I've had two encounters recently that have led me to want to put together a post on a basic ethical distinction that I wanted to use in my responses to those two different issues. In this discussion, Brian Trapp looks at two different approaches to what conservative pro-lifers should do if Rudy Giuliani gets the GOP nomination for president. James Dobson says he couldn't vote for Rudy against Hillary, and I argued that someone with Dobson's moral views has a moral obligation to vote for Rudy against Hillary. Brian's presentation classified Dobson's view as emphasizing duty and principles and mine as emphasizing consequences and utility. There's a sense in which that's true, but I don't think it's quite right.
Second, in a comment on this post, Alan gave an argument in favor of Ron Paul's candidacy for the GOP nomination for president. His portrayal of Paul is that he is principled rather than pragmatist, that he doesn't allow the ends to justify the means the way all the other candidates do. Again, I think there's a way to look at Paul that way, but I also think it's inaccurate to what's going on, particular to how other candidates would think about what they're up to. I think I can show that the kinds of views the other candidates hold in contrast to Paul are not, in fact, merely pragmatist as opposed to principled, and I think the reason is the same reason that I don't think my argument for supporting a Rudy Giuliani presidency over a Hillary Clinton presidency (should Giuliani get the GOP nod) is purely pragmatist or consequence-based. But my reasoning in both cases depends on an important ethical distinction that I want to spend some time developing first. I'll develop the ethical background in this post, and then I'll look at the two issues that brought me to this in separate posts.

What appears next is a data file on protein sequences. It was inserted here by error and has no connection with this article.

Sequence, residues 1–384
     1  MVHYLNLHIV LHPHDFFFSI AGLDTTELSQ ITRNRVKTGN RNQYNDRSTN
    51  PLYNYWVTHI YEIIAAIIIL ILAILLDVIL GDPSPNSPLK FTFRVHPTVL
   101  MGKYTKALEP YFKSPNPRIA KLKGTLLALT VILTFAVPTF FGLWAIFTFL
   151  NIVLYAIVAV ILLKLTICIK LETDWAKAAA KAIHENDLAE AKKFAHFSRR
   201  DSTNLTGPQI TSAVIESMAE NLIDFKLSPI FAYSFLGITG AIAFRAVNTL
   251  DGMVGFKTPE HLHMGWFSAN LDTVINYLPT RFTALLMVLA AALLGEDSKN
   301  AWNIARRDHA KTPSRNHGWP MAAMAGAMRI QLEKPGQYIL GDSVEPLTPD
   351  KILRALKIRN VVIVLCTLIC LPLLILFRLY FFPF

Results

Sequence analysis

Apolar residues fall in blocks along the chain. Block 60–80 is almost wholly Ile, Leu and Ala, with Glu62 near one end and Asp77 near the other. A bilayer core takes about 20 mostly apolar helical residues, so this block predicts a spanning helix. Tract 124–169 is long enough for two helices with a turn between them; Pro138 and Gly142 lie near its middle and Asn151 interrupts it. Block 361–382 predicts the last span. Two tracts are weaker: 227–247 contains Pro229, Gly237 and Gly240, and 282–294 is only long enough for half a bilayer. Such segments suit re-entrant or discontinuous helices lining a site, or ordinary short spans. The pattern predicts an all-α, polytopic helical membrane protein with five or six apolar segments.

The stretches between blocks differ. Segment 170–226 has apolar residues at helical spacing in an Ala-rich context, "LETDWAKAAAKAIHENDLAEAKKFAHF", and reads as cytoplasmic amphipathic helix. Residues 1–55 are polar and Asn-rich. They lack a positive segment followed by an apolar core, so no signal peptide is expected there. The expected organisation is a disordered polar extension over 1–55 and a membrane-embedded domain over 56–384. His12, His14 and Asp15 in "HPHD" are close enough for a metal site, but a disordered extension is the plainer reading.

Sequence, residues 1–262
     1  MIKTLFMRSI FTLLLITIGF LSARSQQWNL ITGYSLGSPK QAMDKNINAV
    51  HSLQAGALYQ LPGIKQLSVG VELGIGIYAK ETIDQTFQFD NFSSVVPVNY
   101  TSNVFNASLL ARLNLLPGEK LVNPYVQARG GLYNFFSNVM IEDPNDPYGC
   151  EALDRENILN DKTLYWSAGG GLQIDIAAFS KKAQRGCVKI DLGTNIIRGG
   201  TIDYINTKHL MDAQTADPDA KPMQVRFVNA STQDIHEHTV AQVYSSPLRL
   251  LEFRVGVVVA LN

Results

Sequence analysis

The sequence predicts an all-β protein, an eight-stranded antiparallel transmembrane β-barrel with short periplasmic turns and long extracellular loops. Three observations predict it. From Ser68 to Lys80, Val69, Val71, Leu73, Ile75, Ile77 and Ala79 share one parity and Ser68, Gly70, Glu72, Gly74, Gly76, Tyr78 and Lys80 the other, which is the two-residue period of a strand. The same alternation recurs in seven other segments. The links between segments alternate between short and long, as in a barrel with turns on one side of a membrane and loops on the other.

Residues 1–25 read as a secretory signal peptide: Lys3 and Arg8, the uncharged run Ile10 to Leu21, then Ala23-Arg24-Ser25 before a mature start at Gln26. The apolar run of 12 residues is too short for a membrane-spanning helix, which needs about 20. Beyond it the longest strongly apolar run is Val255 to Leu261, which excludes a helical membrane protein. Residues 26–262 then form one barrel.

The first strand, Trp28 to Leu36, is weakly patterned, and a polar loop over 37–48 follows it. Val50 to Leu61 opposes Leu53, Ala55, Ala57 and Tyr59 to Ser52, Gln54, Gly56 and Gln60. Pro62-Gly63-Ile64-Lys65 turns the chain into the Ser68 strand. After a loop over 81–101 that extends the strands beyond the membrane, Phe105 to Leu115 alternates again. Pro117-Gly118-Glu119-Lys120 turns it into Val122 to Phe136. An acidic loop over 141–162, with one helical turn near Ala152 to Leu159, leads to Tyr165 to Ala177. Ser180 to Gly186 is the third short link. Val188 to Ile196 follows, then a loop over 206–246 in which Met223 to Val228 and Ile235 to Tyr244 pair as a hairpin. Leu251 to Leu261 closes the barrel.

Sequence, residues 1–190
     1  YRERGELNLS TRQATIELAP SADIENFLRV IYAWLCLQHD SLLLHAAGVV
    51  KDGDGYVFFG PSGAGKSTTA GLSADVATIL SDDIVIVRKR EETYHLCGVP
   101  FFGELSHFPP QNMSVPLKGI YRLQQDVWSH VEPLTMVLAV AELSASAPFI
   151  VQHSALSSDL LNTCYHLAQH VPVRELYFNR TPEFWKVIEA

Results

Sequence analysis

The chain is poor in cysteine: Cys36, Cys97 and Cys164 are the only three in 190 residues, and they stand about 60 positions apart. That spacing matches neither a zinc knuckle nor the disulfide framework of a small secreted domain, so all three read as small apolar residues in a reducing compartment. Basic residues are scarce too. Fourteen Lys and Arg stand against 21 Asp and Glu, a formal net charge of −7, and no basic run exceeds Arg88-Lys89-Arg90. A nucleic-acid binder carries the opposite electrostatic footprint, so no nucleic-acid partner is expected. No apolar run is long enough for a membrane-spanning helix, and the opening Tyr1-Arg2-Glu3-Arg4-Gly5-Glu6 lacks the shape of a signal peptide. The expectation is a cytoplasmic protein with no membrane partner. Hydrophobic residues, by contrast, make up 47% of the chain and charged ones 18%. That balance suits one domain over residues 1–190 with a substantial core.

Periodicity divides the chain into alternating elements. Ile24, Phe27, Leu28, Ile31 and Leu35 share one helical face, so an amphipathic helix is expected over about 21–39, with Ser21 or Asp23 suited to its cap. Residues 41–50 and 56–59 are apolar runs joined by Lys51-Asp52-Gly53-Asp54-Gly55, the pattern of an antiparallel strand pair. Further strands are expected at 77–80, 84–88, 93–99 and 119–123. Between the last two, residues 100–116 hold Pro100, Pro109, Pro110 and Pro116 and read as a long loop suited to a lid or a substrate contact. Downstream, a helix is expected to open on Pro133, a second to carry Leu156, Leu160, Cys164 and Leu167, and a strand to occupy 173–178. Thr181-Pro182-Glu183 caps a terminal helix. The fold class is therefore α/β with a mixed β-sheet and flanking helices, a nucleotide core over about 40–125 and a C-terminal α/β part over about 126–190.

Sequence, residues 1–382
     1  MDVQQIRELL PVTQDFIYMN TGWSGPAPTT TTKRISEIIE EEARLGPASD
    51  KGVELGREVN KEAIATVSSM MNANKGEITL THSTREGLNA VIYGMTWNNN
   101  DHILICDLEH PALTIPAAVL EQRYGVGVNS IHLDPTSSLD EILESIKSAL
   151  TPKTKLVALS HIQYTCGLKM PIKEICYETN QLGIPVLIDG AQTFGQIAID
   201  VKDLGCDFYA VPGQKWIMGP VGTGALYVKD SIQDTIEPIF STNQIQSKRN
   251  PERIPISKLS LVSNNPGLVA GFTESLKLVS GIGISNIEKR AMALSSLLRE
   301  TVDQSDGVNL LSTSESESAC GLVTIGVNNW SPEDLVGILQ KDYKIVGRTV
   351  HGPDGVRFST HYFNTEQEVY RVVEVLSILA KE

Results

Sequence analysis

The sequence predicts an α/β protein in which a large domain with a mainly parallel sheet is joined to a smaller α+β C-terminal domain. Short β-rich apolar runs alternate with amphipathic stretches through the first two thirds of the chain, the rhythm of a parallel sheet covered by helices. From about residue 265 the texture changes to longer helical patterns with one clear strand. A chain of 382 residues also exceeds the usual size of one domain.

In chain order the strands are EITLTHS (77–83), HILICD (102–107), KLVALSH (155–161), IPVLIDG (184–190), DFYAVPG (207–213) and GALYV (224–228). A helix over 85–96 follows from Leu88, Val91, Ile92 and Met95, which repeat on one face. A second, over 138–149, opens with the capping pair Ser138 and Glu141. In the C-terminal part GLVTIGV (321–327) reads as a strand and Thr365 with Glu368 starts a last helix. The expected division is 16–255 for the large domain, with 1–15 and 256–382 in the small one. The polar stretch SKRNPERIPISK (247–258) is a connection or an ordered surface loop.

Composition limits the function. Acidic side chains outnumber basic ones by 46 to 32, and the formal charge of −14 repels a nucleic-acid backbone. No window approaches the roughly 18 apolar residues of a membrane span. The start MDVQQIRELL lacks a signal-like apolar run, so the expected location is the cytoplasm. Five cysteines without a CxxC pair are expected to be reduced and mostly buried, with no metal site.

The distinction raised by both Brian and Alan is between two kinds of ethical theories. Consequentialist views consider consequences to be the only thing of moral importance. The right action is the one that leads to the best consequences or that leads to good enough consequences, depending on how the view fleshes itself out. Deontological views are probably best captured as saying that there are moral constraints that go beyond consequences. Sometimes another factor can play a role to make an action wrong even if it leads to the best consequences or right even if it leads to less good consequences. Now if you follow the arguments of Alan or Brian, you might think that the views I would defend depend on consequentialism, and the views of Ron Paul and James Dobson rely on deontological considerations. But I am no consequentialist, and I don't think you need consequentialism to argue against either of the two views I would resist (i.e. Dobson's and Paul's).